The recommendations follow three days of workshops and discussions in May focused on branding, marketing, planning and development, and will be used by the New York City to shape and inform development plans.
“With the rezoning of Coney Island underway, we are focused on ensuring that the amusement area is a vibrant and dynamic district for generations to come,” said New York City’s deputy mayor for economic development, Robert C Lieber.
“Coney Island is a brand that means so much to so many, and from what I’ve seen and heard here this week, the private sector believes that the City has put together a plan that will build on the history and enhance one of America’s treasures,” remarked Jim Seay of Premier Rides, and chairman of the Advisory Panel.
The panel released seven guiding principles. A final report of the panel’s findings will be released this summer. In the meantime here are its initial recommendations:
1) Leverage Coney Island’s Brand and its Unique Natural and Historical Assets. The ocean, the beach, the boardwalk and access to the City’s transit system are Coney Island’s greatest assets and draws to visitors. The redevelopment of Coney Island presents an opportunity to create a unique, 21st Century urban seaside amusement park.
2) Honour and Celebrate Coney Island’s History; But Don’t Get Overly Nostalgic. There is no need for a themed park at Coney Island; the site contains enough history that it doesn’t need to be “Disney-fied.” But while honouring and celebrating Coney Island’s history, the plan shouldn’t “get stuck” on preserving the artefacts. Planning and design should focus on enhancing visitors’ experience.
3) Get the Core of Coney Island’s Amusement District Right. A critical component of successful development of the area is the programming of the 12-acre amusement core that faces the boardwalk. When properly programmed, 12-acres is a sufficient space and could contain around 30 major amusements, including thrill rides, coasters and other family attractions. The core should be an “Air-In-The-Face” experience, focusing on speed, thrills and adrenaline.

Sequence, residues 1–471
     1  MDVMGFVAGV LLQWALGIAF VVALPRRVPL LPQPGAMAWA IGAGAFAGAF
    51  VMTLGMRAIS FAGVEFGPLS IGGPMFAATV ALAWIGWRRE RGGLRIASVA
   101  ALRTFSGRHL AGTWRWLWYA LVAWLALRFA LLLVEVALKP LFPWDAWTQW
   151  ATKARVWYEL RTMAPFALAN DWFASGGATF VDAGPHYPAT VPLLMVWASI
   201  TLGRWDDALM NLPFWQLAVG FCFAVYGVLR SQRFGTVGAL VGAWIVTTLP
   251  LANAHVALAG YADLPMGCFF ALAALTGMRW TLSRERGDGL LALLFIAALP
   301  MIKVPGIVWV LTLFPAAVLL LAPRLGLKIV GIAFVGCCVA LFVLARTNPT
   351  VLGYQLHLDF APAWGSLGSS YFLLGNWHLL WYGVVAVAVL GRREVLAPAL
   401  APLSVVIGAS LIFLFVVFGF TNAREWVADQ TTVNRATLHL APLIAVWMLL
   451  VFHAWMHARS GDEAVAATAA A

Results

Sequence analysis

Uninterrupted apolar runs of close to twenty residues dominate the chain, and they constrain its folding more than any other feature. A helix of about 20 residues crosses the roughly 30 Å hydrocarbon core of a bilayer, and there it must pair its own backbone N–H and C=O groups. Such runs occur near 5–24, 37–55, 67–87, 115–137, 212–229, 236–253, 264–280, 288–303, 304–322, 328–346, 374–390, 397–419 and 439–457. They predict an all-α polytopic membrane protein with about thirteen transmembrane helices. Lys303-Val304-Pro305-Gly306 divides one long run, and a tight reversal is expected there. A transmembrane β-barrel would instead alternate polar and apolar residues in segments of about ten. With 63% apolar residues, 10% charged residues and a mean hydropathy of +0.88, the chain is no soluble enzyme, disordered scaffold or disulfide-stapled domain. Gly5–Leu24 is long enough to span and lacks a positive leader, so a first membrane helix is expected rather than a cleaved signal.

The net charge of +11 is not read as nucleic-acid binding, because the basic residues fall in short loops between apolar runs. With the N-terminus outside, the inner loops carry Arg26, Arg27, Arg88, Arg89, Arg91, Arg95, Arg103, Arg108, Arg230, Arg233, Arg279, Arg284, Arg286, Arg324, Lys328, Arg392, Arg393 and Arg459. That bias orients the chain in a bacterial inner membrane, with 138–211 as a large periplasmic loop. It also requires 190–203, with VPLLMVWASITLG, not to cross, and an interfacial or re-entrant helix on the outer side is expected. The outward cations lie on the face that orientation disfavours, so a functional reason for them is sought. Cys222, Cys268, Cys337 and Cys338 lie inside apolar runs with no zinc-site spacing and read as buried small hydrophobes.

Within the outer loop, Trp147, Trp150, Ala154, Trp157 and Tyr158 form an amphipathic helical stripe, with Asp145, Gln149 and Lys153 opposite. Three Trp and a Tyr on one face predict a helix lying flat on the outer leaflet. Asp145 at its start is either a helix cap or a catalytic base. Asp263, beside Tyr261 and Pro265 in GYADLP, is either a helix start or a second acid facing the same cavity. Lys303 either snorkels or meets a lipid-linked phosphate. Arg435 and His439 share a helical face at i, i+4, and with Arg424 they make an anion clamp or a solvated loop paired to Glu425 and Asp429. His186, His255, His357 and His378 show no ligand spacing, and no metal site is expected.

4) Expand Coney Island’s Seasonal Core Amusement Experience to the Larger, Year-Round Urban Entertainment District. While parts of the amusement district will be seasonal, the Coney Island experience should extend to the 15-acres outside the amusement core, featuring a critical mass of indoor attractions, rides, restaurants and hotels. Big-box and mall retail should not be allowed in the entertainment zone; it will erode the amusement district and dilute the brand. Coney Island should be about the totality of the experience across the district and how the indoor and outdoor areas work together.
5) Coney Island Must Remain Accessible, Open and Affordable. Coney Island should continue to be open and family-friendly. To be successful the area should not be gated, although there are ways to ensure a safe, quality visitor experience through creative operations strategies. Coney Island should not be compared to and will not compete with gated, suburban amusement parks.
6) City Ownership of Coney Island’s Amusement Area is the Important to Move Forward. The City should own the land in the amusement area, but should leave the development and operations to private partners. The continued Balkanization of Coney Island’s amusement area is unsustainable, and the area will best be developed by a single operator/developer.
7) DON’T WAIT. There is Only One Chance to Get this Right. The City should think in terms of phased development of the permanent amusements as the infrastructure allows and as is financially feasible. It should begin with the installation of a major roller coaster followed by additional programming as the infrastructure is built out. The time is now to identify and select a single industry operator/developer to oversee the development. The operator/developer can begin to build permanent amusements and introduce innovative programming before area infrastructure is complete.
New York City Economic Development Corporation (NYCEDC) and the Coney Island Development Corporation (CIDC) convened the Coney Island Amusement Advisory Panel as an independent advisory board comprised of professionals representing a diverse cross-section of the industry.
Members of the panel include Chip Cleary (Parques Reunidos/IAAPA), Jim Pattison (Ripley Entertainment), Tony Catanoso (Steel Pier, Atlantic City), Nikki Nolan (Great Wolf Resorts), David Rockwell (Rockwell Group), Valerio Ferrari (Zamperla USA), Kieran E Burke (Six Flags), Al Weber (Mid Ocean Partners), Will and Jack Morey (The Morey Organization/Morey’s Piers).